In 1999, I began saying the tech bubble would eventually spark a recession. Timing was unclear because stock bubbles can blow way bigger than we can imagine. Then the yield curve inverted, and I said recession was certain. I was early in that call, but it happened.
In late 2006, I began highlighting the subprime crisis, and subsequently the yield curve again inverted, necessitating another recession call. Again, I was early, but you see the pattern.
Now let’s fast-forward to today. Here’s what I said last week that drew so much interest.
Peter [Boockvar] made an extraordinarily cogent comment that I’m going to use from now on: “We no longer have business cycles, we have credit cycles.”
For those who don’t know Peter, he is the CIO of Bleakley Advisory Group and editor of the excellent Boock Report. Let’s cut that small but meaty sound bite into pieces.
What do we mean by “business cycle,” exactly? Well, it looks something like this:
Photo: Wikispaces (Creative Commons license)
A growing economy peaks, contracts to a trough (what we call “recession”), recovers to enter prosperity, and hits a higher peak. Then the process repeats. The economy is always in either expansion or contraction.
Economists disagree on the details of all this. Wikipedia has a good overview of the various perspectives, if you want to geek out. The high-level question is why economies must cycle at all. Why can’t we have steady growth all the time? Answers vary. Whatever it is, periodically something derails growth and something else restarts it.
This pattern broke down in the last decade. We had an especially painful contraction followed by an extraordinarily weak expansion. GDP growth should reach 5% in the recovery and prosperity phases, not the 2% we have seen. Peter blames the Federal Reserve’s artificially low interest rates. Here’s how he put it in an April 18 letter to his subscribers.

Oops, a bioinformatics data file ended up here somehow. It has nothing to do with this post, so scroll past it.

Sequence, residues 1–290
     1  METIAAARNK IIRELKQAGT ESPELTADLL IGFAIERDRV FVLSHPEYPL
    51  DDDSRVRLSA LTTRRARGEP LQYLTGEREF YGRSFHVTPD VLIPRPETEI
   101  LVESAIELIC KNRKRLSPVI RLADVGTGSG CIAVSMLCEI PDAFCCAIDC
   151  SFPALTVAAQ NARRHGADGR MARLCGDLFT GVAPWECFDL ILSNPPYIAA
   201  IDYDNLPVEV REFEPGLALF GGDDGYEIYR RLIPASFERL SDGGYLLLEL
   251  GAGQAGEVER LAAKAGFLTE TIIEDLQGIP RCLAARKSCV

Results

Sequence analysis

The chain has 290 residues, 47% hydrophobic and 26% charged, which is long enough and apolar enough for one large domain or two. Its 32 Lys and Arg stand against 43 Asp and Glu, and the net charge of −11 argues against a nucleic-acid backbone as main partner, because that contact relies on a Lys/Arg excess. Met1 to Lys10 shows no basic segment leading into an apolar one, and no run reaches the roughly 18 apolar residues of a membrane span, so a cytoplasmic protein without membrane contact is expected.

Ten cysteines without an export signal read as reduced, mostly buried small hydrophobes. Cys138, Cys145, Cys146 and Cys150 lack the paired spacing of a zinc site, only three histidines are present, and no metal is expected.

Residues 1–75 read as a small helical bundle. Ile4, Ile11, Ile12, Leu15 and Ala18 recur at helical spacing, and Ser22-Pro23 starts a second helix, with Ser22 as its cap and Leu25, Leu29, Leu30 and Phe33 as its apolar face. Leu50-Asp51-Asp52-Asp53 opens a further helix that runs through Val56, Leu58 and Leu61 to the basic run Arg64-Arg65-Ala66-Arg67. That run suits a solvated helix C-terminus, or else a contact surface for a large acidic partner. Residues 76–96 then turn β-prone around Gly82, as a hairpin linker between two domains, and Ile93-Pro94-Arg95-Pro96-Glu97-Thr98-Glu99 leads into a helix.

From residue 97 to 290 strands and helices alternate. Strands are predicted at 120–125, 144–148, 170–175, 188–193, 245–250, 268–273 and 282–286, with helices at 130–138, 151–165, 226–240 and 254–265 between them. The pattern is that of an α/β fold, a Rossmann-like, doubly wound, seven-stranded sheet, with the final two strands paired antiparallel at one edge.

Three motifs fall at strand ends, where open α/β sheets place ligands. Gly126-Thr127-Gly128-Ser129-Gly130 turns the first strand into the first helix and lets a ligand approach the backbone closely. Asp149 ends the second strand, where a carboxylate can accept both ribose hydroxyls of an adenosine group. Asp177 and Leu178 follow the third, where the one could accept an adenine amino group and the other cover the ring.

To me, it is a very simple message being sent. We must understand that we no longer have economic cycles. We have credit cycles that ebb and flow with monetary policy. After all, when the Fed cuts rates to extremes, its only function is to encourage the rest of us to borrow a lot of money and we seem to have been very good at that. Thus, in reverse, when rates are being raised, when liquidity rolls away, it discourages us from taking on more debt. We don’t save enough.
This goes back farther than 2008. The Greenspan Fed pushed rates abnormally low in the late 1990s even though the then-booming economy needed no stimulus. That was in part to provide liquidity to a Y2K-wary public and partly in response to the 1998 market turmoil, but they were slow to withdraw the extra cash. Bernanke was again generous to borrowers in the 2000s, contributing to the...